Posts Tagged: "patent trends study"

Patent Trends Study Part Eleven: Cleantech Industry

Yesterday, we discussed patenting trends in artificial intelligence (AI). Today, we turn to the cleantech and green tech industries, which are changing many established industries in different sectors of the economy, as well as providing entirely new areas to innovate. Cleantech innovation is relatively steady in recent years after a growth spurt that started nearly a decade ago. Those early growth trends were likely driven by government stimulus funds that have disappeared along with the growing innovation trend.  The promise of a green revolution powered by cleantech may still be happening, but it simply is not a patent growth area in general except for a few areas explored below. Developing new products in this space takes years and there are many factors that interrupt this cycle to make product introduction difficult.

Patent Trends Study Part Ten: Artificial Intelligence Industry

Artificial intelligence (AI) has become a hot topic in both the tech and political spheres. This technology holds huge widespread potential, and strategic use of AI may well be a source of commercial and/or political power. For example, potential uses of AI may range from facilitating targeted and efficient drug development to controlling traffic lights (and thus reducing pollution and commute times), to developing life-like online personas. With all of the media attention that AI is receiving and with its widespread potential uses, how is a company to decide how fervently to pursue patents in this area and to weight their patent portfolios across different types of AI innovations?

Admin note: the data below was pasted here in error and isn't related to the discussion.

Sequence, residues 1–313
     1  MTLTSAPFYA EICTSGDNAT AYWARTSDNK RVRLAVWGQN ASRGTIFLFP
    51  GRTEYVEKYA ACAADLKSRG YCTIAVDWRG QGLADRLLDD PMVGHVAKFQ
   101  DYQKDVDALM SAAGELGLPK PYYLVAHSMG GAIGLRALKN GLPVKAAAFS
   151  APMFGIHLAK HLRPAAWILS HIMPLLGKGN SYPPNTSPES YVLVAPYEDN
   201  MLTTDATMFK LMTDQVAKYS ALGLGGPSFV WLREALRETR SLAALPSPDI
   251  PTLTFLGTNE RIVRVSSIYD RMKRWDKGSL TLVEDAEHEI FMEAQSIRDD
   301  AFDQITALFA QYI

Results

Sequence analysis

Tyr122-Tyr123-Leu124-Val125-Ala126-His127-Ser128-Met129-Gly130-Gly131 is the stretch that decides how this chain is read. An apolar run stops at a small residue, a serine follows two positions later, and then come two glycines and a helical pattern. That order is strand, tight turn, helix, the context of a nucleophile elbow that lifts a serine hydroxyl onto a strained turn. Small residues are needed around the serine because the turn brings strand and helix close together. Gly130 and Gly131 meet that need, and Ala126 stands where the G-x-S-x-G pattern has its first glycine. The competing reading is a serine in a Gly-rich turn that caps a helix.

Patent Trends Study Part Four: Computational Biology and Bioinformatics Industry

In our fourth article studying patent trends data across industries, we turn to the computational biology and bioinformatics industry. Computers have transformed many aspects of our everyday lives. However, much of drug-discovery, treatment testing and biology research is performed using the same wet-lab techniques developed decades ago. Rather recently, biotech companies have begun to capitalize on the impressive computational power, sophisticated models and skilled workforce to integrate computers into their operation. This integration can facilitate generating more accurate hypotheses, conducting more efficient tests and more thoroughly evaluating results. For example, modeling can be used to identify a set of therapeutics that have a physical structure complementary to a target, to better define a screen. Given that this valuable technological area sits at the intersection of biology and computers—which traditionally are associated with very different types of applications, examination and applicants—it is important to be well informed about the patenting arena when identifying patenting strategies.Our study not only identified a set of applications that pertained to this industry, but also—for each application in this set—it was determined whether the application pertained to one or more of the categories shown in the topology below. If so, the application was appropriately tagged, such that it could be included in one or more category-specific data subsets for subsequent analysis.